For those of you looking at this box, expecting the next amazing battlefield RTS, move on.  This game is about planning out a town and making use of its resources to fund an army.  The model for resources does not just say “You’ve got X farms, you can have X number of soldiers.”  Instead, you have to build houses to house your workers and provide them with nearby farms to eat at.  Each house and farm can accomidate a certain number of people.  If you place them too far from the worker’s place of work, then it won’t get utilized properly and your worker will work only part of the time, wasting the rest of it near a campfire.  Each building you build, aside from the military buildings, is staffed by workers that come out of the village center.  You do not control these workers directly.  Instead you manage them by providing the services they need as the leige of the kingdom.  The only low level units you manage directly are your serfs.  They are your builders, and basic harvesters until you get mines and refineries put in places.  Serfs do not need housing, and are only limited by the overall village population just like your military units. 
 


Depending on the map or mission you are on, you will have various one or more hero units assigned to you.  Each unit is unique and has its own special abilities that you can use in and out of combat.  For example, Dario, the main campaign hero, has a falcon that he can send out to explore the map for you.  He also has a defensive ability that can turn away all enemies in a small area for a time.  Once you use these abilites, a timer counts down and you can use them again.  Other than their special abilities, the heroes in the game are little more than advanced versions of the various troops that you can earn.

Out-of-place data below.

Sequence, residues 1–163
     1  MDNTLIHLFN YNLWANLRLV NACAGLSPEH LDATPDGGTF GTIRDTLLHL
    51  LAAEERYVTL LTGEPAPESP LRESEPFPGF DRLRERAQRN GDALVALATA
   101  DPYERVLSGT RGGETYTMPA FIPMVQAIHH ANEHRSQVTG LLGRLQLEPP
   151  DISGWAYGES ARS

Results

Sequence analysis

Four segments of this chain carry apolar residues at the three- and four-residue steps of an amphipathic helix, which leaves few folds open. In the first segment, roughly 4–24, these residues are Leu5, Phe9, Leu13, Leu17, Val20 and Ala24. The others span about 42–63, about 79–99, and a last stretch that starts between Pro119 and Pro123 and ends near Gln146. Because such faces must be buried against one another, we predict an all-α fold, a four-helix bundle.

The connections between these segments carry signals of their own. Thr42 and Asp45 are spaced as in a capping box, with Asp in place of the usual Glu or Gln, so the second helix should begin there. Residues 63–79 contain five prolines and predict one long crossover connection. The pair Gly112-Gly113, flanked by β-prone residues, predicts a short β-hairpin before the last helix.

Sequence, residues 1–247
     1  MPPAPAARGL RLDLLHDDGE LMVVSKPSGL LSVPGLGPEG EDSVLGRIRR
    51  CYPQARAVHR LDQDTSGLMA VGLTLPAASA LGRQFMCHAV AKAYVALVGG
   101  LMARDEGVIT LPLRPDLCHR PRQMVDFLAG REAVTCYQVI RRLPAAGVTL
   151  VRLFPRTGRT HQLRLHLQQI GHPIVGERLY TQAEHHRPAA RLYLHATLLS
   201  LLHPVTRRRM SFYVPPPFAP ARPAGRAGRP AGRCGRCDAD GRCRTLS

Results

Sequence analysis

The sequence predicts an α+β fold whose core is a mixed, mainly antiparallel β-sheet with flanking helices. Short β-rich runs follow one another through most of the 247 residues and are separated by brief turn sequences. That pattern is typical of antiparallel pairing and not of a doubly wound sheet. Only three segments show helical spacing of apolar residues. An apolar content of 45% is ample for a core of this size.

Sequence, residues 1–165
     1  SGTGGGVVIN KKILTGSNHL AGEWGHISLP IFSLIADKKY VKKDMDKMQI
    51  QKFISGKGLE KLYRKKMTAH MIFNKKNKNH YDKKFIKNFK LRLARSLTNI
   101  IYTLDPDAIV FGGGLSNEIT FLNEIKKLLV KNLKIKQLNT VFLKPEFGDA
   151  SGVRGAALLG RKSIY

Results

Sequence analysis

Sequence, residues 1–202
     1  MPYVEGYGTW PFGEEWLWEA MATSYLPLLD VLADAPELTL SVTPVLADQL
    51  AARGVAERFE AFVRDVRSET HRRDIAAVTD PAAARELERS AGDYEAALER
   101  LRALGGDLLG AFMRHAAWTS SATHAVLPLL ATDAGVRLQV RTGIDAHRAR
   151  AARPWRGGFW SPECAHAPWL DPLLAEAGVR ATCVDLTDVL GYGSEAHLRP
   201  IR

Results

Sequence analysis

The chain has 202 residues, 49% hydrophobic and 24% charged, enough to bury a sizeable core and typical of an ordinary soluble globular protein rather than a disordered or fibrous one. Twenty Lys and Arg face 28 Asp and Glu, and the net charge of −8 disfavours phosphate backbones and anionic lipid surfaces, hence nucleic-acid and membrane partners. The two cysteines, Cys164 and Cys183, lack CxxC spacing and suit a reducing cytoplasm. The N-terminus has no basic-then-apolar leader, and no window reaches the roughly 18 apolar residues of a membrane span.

The game provides you with a mini-map that allows you to see the lay of the land.  I found it completly useless for determining where attackers were or finding resources on the map.  As I played through a skirmish, I found that on the research tree there was ‘Resource Map’ and ‘Tactics’.  These research topics made a map with a different set of highlights appear on the minimap, making it easier to find harvestable resources or enemies that need to be slain.  This was an interesting gameplay choice and can affect how you research.
 


The maps in single player are also interesting because they are not the typical “Build Town, crush enemy here” map.  If you explore maps fully, more objectives become available for you to complete, usually providing resources or extra units to you in your quests. 

Being more of a thinking RTS, rather than about pumping out units and crushing the enemy faster, this game has a different value in the multiplayer department.  I would spend an hour or more on a single map in skirmish more, and the game has four open skirmish/multiplayer maps right off the bat, with more becoming available as you play through the campaign. There are also multiple ways to win depending on the multiplayer mode you choose.  You can play a game of research, or  set an economic victory limit and see who can manage a town better.   There is also the basic “Destroy all enemies” condition.  Definately could be interesting in a 2, 3, or 4 player environment.